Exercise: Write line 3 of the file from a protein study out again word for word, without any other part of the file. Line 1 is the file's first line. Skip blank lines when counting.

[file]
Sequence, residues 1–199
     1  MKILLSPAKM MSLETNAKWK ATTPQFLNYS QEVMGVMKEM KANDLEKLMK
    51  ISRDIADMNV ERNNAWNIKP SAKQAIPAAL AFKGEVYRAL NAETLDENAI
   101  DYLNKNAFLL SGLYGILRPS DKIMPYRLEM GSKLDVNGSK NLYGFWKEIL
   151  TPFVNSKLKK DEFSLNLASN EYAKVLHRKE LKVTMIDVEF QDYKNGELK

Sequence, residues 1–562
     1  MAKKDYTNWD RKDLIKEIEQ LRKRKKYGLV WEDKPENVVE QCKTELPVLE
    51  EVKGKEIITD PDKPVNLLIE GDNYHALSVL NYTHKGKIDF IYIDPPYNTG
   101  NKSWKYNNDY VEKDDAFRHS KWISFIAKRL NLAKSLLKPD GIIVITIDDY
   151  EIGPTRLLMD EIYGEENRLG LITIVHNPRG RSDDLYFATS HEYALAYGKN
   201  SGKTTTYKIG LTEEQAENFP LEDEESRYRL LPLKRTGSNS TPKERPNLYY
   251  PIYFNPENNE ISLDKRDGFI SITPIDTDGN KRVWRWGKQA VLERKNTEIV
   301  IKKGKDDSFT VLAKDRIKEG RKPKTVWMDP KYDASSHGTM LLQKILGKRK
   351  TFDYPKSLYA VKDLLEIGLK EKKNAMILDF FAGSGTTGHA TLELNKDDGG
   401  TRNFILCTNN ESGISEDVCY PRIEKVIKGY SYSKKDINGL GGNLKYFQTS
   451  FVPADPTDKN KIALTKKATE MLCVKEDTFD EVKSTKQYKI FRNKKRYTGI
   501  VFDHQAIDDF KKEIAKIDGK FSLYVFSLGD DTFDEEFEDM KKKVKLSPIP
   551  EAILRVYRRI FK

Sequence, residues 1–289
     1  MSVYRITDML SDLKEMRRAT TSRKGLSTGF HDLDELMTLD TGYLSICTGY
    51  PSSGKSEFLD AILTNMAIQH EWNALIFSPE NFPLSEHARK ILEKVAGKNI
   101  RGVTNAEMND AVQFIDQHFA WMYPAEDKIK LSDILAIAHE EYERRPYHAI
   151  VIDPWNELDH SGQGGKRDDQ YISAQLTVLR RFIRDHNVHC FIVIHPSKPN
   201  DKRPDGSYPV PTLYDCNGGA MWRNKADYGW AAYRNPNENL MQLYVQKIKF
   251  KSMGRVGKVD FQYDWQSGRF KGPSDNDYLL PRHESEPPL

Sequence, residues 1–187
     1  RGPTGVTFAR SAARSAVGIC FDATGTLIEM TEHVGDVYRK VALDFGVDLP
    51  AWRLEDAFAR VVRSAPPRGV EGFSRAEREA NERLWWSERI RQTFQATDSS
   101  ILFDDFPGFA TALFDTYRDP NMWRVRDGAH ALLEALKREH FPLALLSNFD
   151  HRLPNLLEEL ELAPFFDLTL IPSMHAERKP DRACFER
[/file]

    51  ISRDIADMNV ERNNAWNIKP SAKQAIPAAL AFKGEVYRAL NAETLDENAI